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School Integration

CALIFORNIA | LOCAL
October 9, 1999 | PETER M. WARREN and KATE FOLMAR and JEFF GOTTLIEB, TIMES STAFF WRITERS
UC Irvine's cadaver program paid more than $15,000 over three years to companies that are now under scrutiny in a criminal investigation, according to financial records released Friday. The three companies are linked to Willed Body Program Director Christopher S. Brown, who was fired last month amid suspicions that he or associates profited from the program.
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NEWS
September 11, 1999 | RICHARD LEE COLVIN, TIMES EDUCATION WRITER
A court decision that helped launch the contentious era of forced school busing was nullified Friday with a federal judge's ruling that the Charlotte-Mecklenburg school district in North Carolina had done all it could to end segregation. Although the ruling by U.S. District Judge Robert Potter is not the first to declare a district officially desegregated, the case has been closely watched around the country because of what it symbolizes: the potential close of a chapter in American history.
NEWS
April 19, 1999 | From Reuters
A lawsuit filed for a white first-grader threatens school desegregation policies in Charlotte, N.C., where a landmark ruling 30 years ago cleared the way for busing to integrate public schools nationwide. The federal trial, set to open here today, is the latest attack on racial quotas and busing plans drawn up since the late 1960s by local school boards to end segregation.
NEWS
February 17, 1999 | From Associated Press
Chinese American parents challenging racially based admissions in San Francisco's school desegregation program reached a tentative settlement with the school district and the NAACP on Tuesday, the day their suit was to go to trial. U.S. District Judge William Orrick ordered details kept confidential until a hearing today on preliminary approval of the settlement.
CALIFORNIA | LOCAL
February 6, 1999
A federal lawsuit's allegations that the Pasadena school district's lottery system for entry to its three best schools is based on race has no foundation, district officials said Friday. Supt. Vera Vignes and school board President Lisa Fowler said the Pasadena Unified School District will give immediate entry to siblings of those already at the schools, but beyond that, the selection will be entirely random.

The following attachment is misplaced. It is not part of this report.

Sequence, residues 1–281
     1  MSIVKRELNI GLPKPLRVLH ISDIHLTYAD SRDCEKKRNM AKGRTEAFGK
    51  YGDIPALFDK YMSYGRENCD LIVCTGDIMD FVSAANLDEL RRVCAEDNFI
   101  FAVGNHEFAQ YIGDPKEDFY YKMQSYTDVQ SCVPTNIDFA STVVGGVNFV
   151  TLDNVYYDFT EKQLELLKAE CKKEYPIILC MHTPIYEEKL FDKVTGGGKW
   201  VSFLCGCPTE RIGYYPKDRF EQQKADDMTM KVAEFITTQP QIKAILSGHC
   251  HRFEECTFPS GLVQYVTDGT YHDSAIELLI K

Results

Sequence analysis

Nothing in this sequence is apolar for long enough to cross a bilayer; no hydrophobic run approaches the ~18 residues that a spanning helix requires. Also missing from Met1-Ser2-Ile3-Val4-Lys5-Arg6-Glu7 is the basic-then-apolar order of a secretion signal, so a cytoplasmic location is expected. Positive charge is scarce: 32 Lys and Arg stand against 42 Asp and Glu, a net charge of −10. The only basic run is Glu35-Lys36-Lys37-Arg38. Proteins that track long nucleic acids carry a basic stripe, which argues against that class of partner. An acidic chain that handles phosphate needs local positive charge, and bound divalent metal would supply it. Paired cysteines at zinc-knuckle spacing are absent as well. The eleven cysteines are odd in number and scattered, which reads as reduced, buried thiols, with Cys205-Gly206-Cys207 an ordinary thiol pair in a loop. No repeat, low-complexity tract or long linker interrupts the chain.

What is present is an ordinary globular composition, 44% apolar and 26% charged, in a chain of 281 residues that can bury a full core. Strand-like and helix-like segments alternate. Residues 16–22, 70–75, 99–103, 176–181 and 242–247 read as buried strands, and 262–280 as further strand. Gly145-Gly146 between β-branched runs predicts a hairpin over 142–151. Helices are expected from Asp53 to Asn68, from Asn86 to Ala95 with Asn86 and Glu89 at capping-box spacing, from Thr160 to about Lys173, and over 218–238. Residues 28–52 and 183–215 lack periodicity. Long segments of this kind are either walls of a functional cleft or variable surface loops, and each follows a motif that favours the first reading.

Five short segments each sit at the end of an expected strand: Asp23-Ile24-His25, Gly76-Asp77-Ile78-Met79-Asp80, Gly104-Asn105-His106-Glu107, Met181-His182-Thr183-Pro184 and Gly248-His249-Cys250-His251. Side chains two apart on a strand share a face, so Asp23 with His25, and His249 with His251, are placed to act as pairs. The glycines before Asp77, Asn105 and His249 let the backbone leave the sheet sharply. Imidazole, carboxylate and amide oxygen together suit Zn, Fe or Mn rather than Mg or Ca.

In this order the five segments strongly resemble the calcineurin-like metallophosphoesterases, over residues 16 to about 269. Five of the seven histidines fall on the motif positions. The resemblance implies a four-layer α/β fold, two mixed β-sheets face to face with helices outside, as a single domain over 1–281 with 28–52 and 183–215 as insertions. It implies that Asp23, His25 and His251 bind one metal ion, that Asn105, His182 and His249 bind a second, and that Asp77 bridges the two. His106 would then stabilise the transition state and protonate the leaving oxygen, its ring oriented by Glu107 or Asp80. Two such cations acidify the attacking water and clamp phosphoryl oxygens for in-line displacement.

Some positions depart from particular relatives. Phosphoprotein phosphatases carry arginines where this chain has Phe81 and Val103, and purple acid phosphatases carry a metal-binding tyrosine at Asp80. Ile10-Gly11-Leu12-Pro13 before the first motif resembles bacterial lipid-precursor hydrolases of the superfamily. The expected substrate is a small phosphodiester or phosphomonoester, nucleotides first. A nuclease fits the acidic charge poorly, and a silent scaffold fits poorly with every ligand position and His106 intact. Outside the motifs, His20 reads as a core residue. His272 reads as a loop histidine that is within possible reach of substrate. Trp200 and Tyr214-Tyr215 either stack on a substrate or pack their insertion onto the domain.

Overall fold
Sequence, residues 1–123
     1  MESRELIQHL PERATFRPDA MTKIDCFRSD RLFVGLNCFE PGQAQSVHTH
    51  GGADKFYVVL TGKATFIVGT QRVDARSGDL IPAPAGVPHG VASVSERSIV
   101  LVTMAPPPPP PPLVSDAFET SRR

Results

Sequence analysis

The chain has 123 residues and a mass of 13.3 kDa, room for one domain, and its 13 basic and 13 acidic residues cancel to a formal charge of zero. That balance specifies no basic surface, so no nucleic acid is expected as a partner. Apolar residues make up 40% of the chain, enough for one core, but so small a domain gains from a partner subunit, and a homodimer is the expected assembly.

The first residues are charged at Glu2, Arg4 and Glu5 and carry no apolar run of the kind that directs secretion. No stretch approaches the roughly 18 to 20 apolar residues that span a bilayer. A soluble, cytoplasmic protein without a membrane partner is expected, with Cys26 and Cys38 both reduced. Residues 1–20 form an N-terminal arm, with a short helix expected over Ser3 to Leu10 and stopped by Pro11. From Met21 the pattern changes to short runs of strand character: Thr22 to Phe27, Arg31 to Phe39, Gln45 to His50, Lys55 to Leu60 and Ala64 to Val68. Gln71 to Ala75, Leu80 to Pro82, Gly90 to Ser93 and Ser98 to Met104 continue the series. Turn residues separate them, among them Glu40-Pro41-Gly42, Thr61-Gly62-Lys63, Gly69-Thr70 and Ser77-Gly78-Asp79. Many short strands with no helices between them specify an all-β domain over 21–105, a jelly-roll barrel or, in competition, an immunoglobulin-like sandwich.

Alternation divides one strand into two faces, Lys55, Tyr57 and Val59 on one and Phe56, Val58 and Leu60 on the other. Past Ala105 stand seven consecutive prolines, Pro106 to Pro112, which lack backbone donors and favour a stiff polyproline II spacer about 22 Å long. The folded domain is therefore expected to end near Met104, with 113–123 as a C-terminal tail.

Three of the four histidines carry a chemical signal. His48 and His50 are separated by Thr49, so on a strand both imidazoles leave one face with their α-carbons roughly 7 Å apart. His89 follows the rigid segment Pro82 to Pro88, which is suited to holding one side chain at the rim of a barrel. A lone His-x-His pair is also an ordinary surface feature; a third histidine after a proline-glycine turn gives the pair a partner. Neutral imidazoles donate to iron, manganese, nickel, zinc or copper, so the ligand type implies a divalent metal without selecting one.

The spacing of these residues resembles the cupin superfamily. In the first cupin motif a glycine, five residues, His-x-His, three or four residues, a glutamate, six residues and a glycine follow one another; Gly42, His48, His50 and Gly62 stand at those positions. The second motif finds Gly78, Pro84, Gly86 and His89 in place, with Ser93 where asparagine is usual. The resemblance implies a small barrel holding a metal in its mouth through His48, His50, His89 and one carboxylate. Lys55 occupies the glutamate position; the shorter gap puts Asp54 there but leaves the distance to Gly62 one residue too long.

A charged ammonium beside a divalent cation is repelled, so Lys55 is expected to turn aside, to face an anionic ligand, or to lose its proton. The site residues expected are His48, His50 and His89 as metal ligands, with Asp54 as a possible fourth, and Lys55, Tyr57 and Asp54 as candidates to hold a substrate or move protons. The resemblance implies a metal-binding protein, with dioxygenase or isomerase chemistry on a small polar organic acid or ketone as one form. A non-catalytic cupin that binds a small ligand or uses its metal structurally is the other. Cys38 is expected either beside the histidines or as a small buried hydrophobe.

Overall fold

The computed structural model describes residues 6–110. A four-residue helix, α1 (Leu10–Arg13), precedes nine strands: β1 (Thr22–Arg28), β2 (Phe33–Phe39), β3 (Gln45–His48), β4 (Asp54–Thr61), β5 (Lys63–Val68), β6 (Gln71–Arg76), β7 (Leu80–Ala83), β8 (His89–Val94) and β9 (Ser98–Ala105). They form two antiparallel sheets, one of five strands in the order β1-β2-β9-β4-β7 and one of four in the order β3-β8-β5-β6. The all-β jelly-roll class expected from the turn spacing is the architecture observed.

CALIFORNIA | LOCAL
January 26, 1999 | RICHARD WINTON, SPECIAL TO THE TIMES
A group of parents sued the Pasadena Unified School District on Monday in an attempt to dismantle a new lottery system that uses ethnicity to help determine which children are admitted to some of the district's best schools. In the federal lawsuit, five Pasadena-area parents are alleging that the school district's consideration of ethnic origin in admissions to three schools violates federal law requiring equal treatment regardless of race.
NEWS
November 7, 1998 | From Associated Press
They circled the Wal-Mart shipping trailers Friday for President Clinton's homecoming--his first post-election trip beyond Washington's Beltway. "This is where I started," he reflected. The president flew to Arkansas, where he attended an airport dedication, after stoking more home state memories in a White House ceremony with the "Little Rock Nine"--the black students who integrated Central High School in 1957.
CALIFORNIA | LOCAL
April 16, 1998 | GREG HERNANDEZ, TIMES STAFF WRITER
Felicitas Mendez died this week secure in the knowledge that the accomplishments of her family, who led a landmark fight to integrate Orange County schools, finally had been recognized. Mendez and her husband, Gonzalo, sued the Westminster School District in 1945 when their children were barred from attending school with white children and were ordered instead to enroll in a school for Mexican Americans.
NEWS
January 21, 1998 | From Associated Press
The Supreme Court sidestepped a dispute Tuesday over whether Mississippi has done enough to desegregate state-supported colleges and universities--an issue the Justice Department said the court may need to reconsider. The justices turned down an appeal by black residents who say a revised college-admission plan and a long-standing funding formula have left in place remnants of the old segregated system.
NEWS
September 26, 1997 | JONATHAN PETERSON, TIMES STAFF WRITER
Four decades after their bid to enter an all-white school sparked the most volatile state-federal conflict since the Civil War, nine middle-aged black men and women scaled the steps of Little Rock Central High once again Thursday. But unlike the day in 1957 when the "Little Rock Nine" were greeted by a hostile, spitting mob outside the school, the mayor, governor--and president of the United States--showed up to welcome them as heroes.
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